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How Long Do Spiders Live? Exploring the Average Life Cycle

By: EarthKind

Common house spiders, on average, live for about one year. This all depends on the species, though, as some can live to be around 7 years old. There are even some types that can live up to 30 years!

close up of a spider

Below, we explore the lifespan of common household spiders and other types of spiders you might find near your home. We discuss their different stages of life, what spiderlings are, how long they live, how long they can live without food, and more. This information could help prepare you for the next time you see one in your home.

The Spider Life Cycle Stages

baby spiders spiderlings

Baby spiders hatch from a spider egg sac and are called spiderlings. An egg sac may contain as many as 1,000 spider eggs! Since they lay eggs, you will never see a pregnant spider, but you may see one carrying her egg sac on her back. In other instances, mothers will attach their egg sacs in crevices or sheltered areas.

The eggs can hatch in just a few weeks if conditions are favorable (such as during spring or summer, when temperatures are warm and moisture is plentiful). Spider egg sacs may also “overwinter” or wait out the cooler weather in a dormant state before hatching.

When spiderlings hatch, they look like miniature adult spiders with eight legs, a head, and a body. They are usually black, brown, or gray and don’t have any distinctive colors or markings on their abdomens yet. Spiderlings are not dependent on their mothers and will often start life alone. As soon as they hatch, they leave their siblings, looking for a home to call their own. Some spiders simply walk away and some use a process called ballooning, which is the act of raising their abdomen, releasing threads of silk into the air, and letting the wind carry them away.

For most species, nearly all of the eggs spiders lay will hatch into spiderlings, including hobo spiders and orb weavers. But some species don’t fare so well. The Giant House Spider, for example, will only hatch 1% of around 50 eggs per sac.

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Spider Lifespan

Outdoor lights with spider webs all over them

The average lifespan of a common house spider is about a year, but this does depend on the species. For example, the common barn funnel weaver has a life expectancy of up to 7 years, black widow spiders can live for up to 3 years, the brown recluse can live 1-2 years, wolf spiders can live up to a year, and tarantulas can live anywhere from 10-30 years!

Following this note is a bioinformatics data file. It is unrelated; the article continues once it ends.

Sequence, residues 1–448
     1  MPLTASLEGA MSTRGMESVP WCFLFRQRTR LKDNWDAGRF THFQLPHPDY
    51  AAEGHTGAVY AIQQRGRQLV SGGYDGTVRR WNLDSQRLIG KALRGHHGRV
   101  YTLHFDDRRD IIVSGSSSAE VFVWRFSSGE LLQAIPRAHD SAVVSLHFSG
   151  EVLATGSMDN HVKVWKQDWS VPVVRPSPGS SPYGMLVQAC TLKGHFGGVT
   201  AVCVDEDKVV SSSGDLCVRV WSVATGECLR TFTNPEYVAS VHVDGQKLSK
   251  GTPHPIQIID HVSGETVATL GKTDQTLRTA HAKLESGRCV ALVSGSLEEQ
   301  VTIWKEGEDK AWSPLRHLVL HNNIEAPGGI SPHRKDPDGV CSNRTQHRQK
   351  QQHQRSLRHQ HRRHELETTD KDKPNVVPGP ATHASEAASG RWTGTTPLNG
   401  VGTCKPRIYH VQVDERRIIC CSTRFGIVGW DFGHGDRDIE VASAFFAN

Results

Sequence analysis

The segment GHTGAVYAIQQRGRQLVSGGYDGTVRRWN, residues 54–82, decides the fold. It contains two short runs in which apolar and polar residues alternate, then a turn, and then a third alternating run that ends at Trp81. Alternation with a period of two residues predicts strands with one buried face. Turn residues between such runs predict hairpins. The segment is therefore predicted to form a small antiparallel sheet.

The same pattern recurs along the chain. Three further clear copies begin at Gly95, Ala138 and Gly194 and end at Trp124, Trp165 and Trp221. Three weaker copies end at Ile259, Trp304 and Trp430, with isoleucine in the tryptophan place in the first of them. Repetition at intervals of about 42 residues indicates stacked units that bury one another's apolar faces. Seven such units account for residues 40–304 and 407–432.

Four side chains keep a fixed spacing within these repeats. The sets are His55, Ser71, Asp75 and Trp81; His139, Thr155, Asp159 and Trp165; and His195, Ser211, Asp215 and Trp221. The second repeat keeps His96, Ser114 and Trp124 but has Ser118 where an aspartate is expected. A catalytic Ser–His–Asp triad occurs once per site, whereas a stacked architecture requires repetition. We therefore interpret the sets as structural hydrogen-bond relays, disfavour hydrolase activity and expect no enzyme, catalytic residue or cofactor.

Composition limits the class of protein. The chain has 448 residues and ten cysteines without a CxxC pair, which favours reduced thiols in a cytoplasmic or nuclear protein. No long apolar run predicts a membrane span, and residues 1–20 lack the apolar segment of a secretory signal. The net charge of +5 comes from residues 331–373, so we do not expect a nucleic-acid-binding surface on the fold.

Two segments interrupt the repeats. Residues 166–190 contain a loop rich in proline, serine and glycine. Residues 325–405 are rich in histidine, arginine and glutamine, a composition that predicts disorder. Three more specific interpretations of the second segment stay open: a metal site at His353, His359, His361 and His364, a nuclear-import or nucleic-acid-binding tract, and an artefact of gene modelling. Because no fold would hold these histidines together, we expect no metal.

And while spiders have average lifespans, some can live much longer than expected. For example, trapdoor spiders have a lifespan between 5 to 20 years, but the longest living spider ever recorded was a female trapdoor spider, named Number 16, who lived an estimated 43 years! She lived in a burrow in an Australian reserve and died in 2016 after likely being attacked by a parasitic spider wasp.

Gender is another factor. Females tend to live longer than male spiders. People are probably their biggest threat. Curious cats and dogs can also bring an abrupt end to their life.

Spider life is a solitary life. Adults do not live in groups or colonies. House spiders are not territorial or aggressive, but living alone gives them better chances of catching enough food without needing to share. They don’t need to eat daily and can survive long periods of time without food, but they will eat often if food is abundant. Spiders do need to drink water, though. They often drink from dew drops, condensation, or other sources like a dripping faucet, leaky appliance, or pet bowl.

Most of their time is spent waiting. They wait patiently in their webs for a meal. Spinning a web does not take much time or effort for the common house spider, so they will abandon a web that isn’t catching many bugs, moving on to another location, leaving behind their cobwebs for you to clean up. Ideal locations for spider webs are areas where other insects may be found such as in attics and basements near a light, door, window, food, or water source.